More on ShoreTel LLDP – follow up to previous blog post!

This is a follow up post to an earlier post on LLDP-MED. VoIP phones on the market today follow the same basic boot and operations process:

1 – Wait for an LLDP packet from the Ethernet switch

2- Send a DHCP discovery packet to find the DHCP Server

3- Send a DHCP request to the DHCP server to get an IP address

4- Send an LLDP-MED packet to the Ethernet switch

5- Wait for an LLDP-MED packet from the Ethernet switch and read the Network Policy TLV to get the VLAN ID, L2 priority and DSCP value

6 – Download applciations and software from the “call manager”

7 – After configuration , voice packets are sent as tagged frames and data packets are sent as untagged frames

The ShoreTel implementation of LLDP seems to follow this process only after step 5, the result of the IP Phone learning LLDP by having its firmware configured. In other words, a phone out of the box is a hung of iron with no inherent ability to define itself as an IP phone to an LLDP enabled ethernet switch. The ShoreTel phone will still require an intial boot in the native VLAN and then reboot in the voice vlan, where it will then download its firmware. The real value here, is that once this process is “learned” by the ShoreTel phone, should the phone restart for any reason in the future, it can start at step one above. LLDP in ShoreTel is a version 9.1 feature enhancement not available in earlier releases of ShoreTel.

update 2/15 see  article at

How to get your iPhone running SIP on your ShoreTel IPBX!

If you are and iPhone aficionado, you absolutely want your iPhone to work  on your ShoreTel IPBX! I recently downloaded VeNetCorps SipPhone fromt the iPhone App store! There are several SIP phone apps at the store, but most have a pre-programmed domain name for the sip registration proxy server. If you want to use your own SIP proxy there was no easy way to change the IP address so you had to hack your DNS to get it to point to the ShoreTel SIP proxy. Also you need at least iPhone firmware 2.2 as previous versions had WiFi connectivity challenges that negatively impacted the potential for using a SIP softphone. After the iPhone WiFi acquired an IP address, if you attempted to ping the address you would see latency in excess of 300ms. With version 2.2 this issue has all but become unnoticeable. As with any SIP extension setup on ShoreTel, you need to assign sip extension proxy resources on a ShoreGear switch. In the sites section of the ShoreWare Director, make sure you assign a virtual IP address. This is the address you will use for your “domain’ when you setup the Iphone SipPhone. Clearly you will need a User setup with a SIP phone password defined in the individual user section of the ShoreWare Director.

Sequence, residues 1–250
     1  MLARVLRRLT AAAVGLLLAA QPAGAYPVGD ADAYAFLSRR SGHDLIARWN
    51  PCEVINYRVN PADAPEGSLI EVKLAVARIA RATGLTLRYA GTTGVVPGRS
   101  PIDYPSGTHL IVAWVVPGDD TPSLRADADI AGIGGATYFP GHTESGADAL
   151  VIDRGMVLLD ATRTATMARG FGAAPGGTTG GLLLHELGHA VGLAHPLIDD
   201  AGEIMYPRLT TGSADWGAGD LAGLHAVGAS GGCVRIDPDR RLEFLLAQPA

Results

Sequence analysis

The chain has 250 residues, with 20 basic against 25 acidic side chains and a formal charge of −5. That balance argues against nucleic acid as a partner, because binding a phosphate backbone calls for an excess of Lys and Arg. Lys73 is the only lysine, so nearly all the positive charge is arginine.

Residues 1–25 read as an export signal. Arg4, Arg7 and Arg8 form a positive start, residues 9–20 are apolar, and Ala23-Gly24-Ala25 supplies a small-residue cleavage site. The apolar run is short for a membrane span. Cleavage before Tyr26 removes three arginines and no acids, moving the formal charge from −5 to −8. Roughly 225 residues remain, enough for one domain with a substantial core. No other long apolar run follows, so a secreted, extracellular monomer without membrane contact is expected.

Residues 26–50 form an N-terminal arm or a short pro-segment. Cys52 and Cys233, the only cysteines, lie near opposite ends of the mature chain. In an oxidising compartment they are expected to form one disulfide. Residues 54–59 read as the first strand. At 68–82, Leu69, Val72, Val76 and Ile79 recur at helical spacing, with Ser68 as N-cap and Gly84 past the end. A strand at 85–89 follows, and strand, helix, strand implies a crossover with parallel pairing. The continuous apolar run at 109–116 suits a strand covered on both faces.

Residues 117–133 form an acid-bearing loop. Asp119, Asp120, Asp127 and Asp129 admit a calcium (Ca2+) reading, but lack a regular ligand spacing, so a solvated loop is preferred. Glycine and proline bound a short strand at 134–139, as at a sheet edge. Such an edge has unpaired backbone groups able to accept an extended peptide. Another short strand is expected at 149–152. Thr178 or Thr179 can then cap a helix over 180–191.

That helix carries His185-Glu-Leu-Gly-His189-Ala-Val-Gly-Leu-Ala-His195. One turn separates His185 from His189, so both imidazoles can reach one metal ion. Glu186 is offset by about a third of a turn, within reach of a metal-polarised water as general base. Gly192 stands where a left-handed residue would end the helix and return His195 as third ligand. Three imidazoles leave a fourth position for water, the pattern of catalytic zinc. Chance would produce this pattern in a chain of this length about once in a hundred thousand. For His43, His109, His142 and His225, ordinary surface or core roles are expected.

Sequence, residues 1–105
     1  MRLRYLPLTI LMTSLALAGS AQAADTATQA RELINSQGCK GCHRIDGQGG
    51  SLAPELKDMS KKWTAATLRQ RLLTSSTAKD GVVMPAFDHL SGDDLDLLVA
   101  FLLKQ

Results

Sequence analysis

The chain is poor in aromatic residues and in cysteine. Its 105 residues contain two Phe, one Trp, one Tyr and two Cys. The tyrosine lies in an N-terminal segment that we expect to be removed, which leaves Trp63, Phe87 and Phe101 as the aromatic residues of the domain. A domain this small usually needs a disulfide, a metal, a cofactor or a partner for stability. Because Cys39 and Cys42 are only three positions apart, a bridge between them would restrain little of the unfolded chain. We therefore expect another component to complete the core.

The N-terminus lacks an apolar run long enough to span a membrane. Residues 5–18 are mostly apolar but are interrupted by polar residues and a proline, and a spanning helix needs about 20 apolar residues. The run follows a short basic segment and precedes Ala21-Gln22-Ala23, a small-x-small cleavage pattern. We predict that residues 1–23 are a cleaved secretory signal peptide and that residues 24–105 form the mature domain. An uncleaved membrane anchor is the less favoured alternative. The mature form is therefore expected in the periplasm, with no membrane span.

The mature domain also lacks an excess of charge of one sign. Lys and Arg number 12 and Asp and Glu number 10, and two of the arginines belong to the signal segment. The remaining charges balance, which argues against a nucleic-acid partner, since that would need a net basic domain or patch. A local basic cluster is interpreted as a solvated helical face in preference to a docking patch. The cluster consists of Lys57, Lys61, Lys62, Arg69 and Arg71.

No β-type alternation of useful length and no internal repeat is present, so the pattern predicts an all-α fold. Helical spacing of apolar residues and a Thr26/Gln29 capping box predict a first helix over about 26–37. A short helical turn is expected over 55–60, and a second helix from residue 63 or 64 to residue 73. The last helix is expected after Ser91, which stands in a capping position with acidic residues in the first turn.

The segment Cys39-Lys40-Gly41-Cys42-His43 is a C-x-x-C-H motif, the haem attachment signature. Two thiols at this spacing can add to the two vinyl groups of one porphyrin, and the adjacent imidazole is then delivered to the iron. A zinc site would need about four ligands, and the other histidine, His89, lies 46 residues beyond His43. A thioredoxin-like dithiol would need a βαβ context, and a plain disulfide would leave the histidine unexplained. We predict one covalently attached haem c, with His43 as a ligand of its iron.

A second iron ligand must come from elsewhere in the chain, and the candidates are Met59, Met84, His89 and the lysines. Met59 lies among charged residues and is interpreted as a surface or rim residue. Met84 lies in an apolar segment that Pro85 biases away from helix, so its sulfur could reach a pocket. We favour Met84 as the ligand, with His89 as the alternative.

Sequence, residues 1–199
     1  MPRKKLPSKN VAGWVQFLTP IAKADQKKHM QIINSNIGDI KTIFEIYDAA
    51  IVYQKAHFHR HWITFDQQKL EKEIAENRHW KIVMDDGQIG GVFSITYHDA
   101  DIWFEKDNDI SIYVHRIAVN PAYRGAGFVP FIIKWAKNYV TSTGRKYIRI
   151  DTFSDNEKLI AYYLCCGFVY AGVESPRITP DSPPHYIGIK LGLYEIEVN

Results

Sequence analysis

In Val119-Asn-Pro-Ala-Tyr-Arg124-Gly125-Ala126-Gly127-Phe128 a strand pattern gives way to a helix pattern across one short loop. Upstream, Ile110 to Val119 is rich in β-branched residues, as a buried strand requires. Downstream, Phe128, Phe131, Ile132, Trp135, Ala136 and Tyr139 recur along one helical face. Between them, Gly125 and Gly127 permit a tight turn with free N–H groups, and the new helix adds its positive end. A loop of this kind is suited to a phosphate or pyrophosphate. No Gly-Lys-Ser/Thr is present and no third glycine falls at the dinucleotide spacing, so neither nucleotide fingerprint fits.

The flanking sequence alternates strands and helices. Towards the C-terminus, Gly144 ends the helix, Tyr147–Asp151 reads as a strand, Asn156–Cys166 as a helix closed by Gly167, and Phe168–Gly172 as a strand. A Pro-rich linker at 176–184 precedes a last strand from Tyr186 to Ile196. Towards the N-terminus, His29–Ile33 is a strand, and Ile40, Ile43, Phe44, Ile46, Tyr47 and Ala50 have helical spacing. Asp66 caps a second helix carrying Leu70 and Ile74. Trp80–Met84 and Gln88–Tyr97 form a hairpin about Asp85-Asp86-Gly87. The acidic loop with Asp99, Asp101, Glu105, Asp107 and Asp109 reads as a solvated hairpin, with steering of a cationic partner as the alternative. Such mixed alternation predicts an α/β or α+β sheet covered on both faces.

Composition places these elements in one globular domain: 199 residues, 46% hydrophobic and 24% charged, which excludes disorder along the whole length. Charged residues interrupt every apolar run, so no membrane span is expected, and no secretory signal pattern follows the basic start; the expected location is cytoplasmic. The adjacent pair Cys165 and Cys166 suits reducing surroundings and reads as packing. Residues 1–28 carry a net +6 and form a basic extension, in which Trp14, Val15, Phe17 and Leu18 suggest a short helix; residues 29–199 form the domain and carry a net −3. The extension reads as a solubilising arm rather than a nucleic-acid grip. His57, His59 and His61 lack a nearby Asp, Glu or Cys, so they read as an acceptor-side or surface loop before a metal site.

Clearly the assumption here is that you have a WAP that your iPhone can connect to. Also that that wireless connection can route to your ShoreTel network! Once the ShoreTel SIP user, virtual IP address and proxy resources are configured it is time to configure your iPhone SipPhone! After you down load the application and tap to activate the application you will get a screen that lists the options: Dialer, Recent, Contacts, Accounts and Settings. Hit the Accounts tab and you will then EDIT a new SIP account. To get this app to work on ShoreTel you need to enter only three values. First you need to enter the domain name, we have previously defined in the ShoreTel Director as the Virtual IP address. The Username and password are also as specified in the individual user setup in ShoreTel. Hit the DONE tab, and the phone should register and you can make and receive calls from your ShoreTel. I put together a video clip that covers this so you can see that it accutaly works! The video suggests that you enter the user name, but if you want to call the iPhone from a ShoreTel extension, enter the user’s extension number instead.  This was just a fun project and latency on the iPhone WiFi is still a challenge for SIP phone usage.  I suspect that Version 3.0 of the iPhone will fix this small issue, but it was a blast trying it out!  Enjoy!